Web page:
This provides a quick demo to illustrate the semi-parametric
distribution. This distribution estimates the tails of the data using
the Generalized Pareto distribution (`gpd`

) whilst the
interior is estimated using a kernel density. The tails and interior are
then smoothly joined together to form the semi-parametric
distribution.

For this demo, we’ll generate a random sample from the Generalized Hyperbolic Skew Student distribution and then model the top and bottom 1% of the data using the Generalized Pareto distribution. Choosing the correct threshold when applying the Generalized Pareto distribution is an important step to ensure that the asymptotic distribution fits the data well and the parameter estimates are stable. There are a number of methods to test for this, and numerous packages in R which can help. The mev package, which is used for estimating the GPD (except in the case of the probability weighted moments approach) provides threshold stability plots and other diagnostics for aid in choosing the right threshold.

There are a total of 4 parameters, 2 for each tail, estimated independently. As such, the standard errors are based on a block diagonal variance-covariance matrix.

```
library(tsdistributions)
library(data.table)
library(knitr)
# simulate data
set.seed(200)
n <- 6000
sim <- rghst(n, mu = 0, sigma = 1, skew = -0.6, shape = 8.01)
spec <- spd_modelspec(sim, lower = 0.01, upper = 0.99, kernel_type = 'normal')
mod <- estimate(spec, method = "pwm")
print(summary(mod))
#> SPD Model Summary
#>
#> Coefficients:
#> Estimate Std. Error t value Pr(>|t|)
#> [lower tail] scale 0.63612 0.12620 5.041 4.64e-07 ***
#> [lower tail] shape -0.07680 0.15348 -0.500 0.617
#> [upper tail] scale 0.50206 0.09886 5.078 3.81e-07 ***
#> [upper tail] shape -0.03801 0.15033 -0.253 0.800
#> ---
#> Signif. codes: 0 '***' 0.001 '**' 0.01 '*' 0.05 '.' 0.1 ' ' 1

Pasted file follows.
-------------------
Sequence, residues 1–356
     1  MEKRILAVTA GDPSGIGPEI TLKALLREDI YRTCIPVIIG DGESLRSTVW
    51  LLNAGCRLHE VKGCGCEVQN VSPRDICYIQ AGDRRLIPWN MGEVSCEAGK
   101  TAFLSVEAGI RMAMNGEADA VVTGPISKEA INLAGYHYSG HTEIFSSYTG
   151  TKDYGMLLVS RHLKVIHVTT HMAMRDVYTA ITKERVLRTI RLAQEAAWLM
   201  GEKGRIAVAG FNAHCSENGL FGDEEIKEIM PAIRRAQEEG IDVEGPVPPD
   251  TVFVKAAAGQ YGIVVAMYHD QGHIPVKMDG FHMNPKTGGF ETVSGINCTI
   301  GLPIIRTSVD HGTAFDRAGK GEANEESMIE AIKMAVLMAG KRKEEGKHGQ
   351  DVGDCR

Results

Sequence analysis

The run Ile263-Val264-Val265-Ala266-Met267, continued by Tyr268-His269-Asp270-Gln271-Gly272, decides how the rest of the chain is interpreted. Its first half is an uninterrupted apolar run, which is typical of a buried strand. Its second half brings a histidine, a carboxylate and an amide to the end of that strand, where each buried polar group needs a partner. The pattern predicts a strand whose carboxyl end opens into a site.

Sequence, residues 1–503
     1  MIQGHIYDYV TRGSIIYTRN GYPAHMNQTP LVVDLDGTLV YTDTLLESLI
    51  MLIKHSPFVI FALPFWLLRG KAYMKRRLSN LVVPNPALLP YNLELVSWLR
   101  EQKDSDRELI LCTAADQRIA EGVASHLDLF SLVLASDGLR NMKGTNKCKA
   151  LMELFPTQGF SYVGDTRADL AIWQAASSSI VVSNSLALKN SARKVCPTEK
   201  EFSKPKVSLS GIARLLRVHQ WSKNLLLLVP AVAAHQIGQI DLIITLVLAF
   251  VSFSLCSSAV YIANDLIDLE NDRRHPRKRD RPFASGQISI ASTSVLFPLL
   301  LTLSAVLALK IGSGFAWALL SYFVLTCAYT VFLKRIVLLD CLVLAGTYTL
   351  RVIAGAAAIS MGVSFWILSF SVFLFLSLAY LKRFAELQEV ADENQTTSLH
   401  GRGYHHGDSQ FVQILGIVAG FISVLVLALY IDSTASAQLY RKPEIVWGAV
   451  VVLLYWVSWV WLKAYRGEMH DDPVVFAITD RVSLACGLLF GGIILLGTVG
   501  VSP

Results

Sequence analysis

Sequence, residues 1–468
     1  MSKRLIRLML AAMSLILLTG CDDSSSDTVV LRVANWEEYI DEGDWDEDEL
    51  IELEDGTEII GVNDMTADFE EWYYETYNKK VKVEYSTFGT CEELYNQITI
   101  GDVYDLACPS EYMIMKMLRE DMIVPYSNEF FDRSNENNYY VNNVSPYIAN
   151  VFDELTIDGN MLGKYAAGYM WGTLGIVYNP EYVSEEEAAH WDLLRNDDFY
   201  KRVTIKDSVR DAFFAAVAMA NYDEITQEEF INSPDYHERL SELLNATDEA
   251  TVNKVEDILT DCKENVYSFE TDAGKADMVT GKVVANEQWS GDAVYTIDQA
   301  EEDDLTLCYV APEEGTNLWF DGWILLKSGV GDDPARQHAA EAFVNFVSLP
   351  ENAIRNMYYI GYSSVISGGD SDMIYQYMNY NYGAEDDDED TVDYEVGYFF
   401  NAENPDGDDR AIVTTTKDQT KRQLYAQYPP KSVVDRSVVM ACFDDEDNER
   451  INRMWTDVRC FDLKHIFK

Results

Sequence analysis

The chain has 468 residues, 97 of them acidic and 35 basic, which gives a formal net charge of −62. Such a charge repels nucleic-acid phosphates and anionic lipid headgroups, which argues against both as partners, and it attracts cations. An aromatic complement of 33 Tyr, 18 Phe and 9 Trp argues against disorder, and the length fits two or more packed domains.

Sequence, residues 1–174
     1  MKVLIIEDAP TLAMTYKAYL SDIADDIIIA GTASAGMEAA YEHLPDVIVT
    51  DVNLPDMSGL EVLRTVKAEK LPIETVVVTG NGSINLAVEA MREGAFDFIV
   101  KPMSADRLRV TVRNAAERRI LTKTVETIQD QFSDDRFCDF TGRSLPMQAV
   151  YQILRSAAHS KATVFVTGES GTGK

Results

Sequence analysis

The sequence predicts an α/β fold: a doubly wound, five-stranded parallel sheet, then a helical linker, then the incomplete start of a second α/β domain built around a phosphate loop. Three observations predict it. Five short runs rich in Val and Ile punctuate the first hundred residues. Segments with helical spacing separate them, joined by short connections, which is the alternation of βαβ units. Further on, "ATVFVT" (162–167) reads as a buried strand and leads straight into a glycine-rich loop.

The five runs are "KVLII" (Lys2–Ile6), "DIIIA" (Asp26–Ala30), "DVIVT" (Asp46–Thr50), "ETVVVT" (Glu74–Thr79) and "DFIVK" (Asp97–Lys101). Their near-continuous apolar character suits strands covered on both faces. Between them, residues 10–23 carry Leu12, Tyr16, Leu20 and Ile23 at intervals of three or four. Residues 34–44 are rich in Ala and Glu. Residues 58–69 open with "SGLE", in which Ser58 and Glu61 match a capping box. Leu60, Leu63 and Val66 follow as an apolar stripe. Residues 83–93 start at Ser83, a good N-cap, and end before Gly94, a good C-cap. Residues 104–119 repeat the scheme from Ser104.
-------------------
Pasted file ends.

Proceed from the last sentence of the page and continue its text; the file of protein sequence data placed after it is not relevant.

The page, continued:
#>
#> N: 6000, dof: 4,
#> LogLik: -8338, AIC: -16670, BIC: -16640
```

We’ll investigate the goodness of fit of the distribution using some visuals:

```
lower_treshold <- mod$gpd$lower$threshold
upper_treshold <- mod$gpd$upper$threshold
oldpar <- par(mfrow = c(1,1))
par(mfrow = c(3,1), mar = c(3,3,3,3))
hist(sim, breaks = 300, probability = TRUE, xlab = "r",
col = "steelblue", border = "whitesmoke",main = "PDF")
box()
abline(v = lower_treshold, col = 'mediumpurple3', lty = 2)
abline(v = upper_treshold, col = 'mediumpurple3', lty = 2)
lines(sort(sim), dspd(sort(sim), mod), col = "darkorange",lwd = 2)
plot(sort(sim), (1:length(sim)/length(sim)),
ylim = c(0, 1), pch = 19,
cex = 0.5, ylab = "p", xlab = "q", main = "CDF")
grid()
lines(sort(sim), pspd(sort(sim), mod), col = "darkorange",lwd = 2)
abline(v = lower_treshold, col = 'mediumpurple3', lty = 2)
abline(v = upper_treshold, col = 'mediumpurple3', lty = 2)
plot(sort(sim), qspd(ppoints(length(sim)), mod), ylab = "Model Simulated", xlab = "Observed", main = "Q-Q")
abline(0, 1, col = "darkorange")
grid()
abline(v = lower_treshold, col = 'mediumpurple3', lty = 2)
abline(v = upper_treshold, col = 'mediumpurple3', lty = 2)
abline(h = lower_treshold, col = 'mediumpurple3', lty = 2)
abline(h = upper_treshold, col = 'mediumpurple3', lty = 2)
```

The vertical purple lines show the region modeled by the kernel density, representing the thresholds beyond which the GPD is used.

To calculate expectations from the estimated object we can use quadrature integration, as shown below, with calculations for the mean, variance, skewness, kurtosis, value at risk (1%) and expected shortfall (1%). We choose reasonably large but finite values for the numerical integration limits.

```
f <- function(x) x * dspd(x, mod)
mu <- integrate(f, -50, 50)$value
f <- function(x) x^2 * dspd(x, mod)
variance <- integrate(f, -50, 50)$value
f <- function(x) (x - mu)^3 * dspd(x, mod)
skewness <- integrate(f, -50, 50)$value/(variance^(3/2))
f <- function(x) (x - mu)^4 * dspd(x, mod)
kurtosis <- integrate(f, -50, 50)$value/(variance^2)
value_at_risk <- qspd(0.01, mod)
f <- function(x) x * dspd(x, mod)
expected_shortfall <- integrate(f, -50, value_at_risk)$value/0.01
tab <- data.table(stat = c("mean","variance","skewness","kurtosis","VaR(1%)","ES(1%)"),
spd = c(mu, variance, skewness, kurtosis, value_at_risk, expected_shortfall),
observed = c(mean(sim), var(sim), mean((sim - mean(sim))^3)/(sd(sim)^3),
mean((sim - mean(sim))^4)/(sd(sim)^4),quantile(sim, 0.01),
mean(sim[sim <= quantile(sim, 0.01)])))
kable(tab, digits = 2)
```

stat | spd | observed |
---|---|---|

mean | -0.01 | -0.02 |

variance | 1.03 | 0.98 |

skewness | -0.21 | -0.28 |

kurtosis | 4.16 | 4.28 |

VaR(1%) | -2.79 | -2.79 |

ES(1%) | -3.28 | -3.38 |

The results appear promising and close to the observed values. Note that even though we simulated the data from a known distribution, in practice we usually don’t know which distribution the data came from. Therefore, the semi-parametric distribution provides a good trade-off between fully parametric and non-parametric approaches. The caveat is that we still need to be careful in choosing the thresholds. There is no free lunch!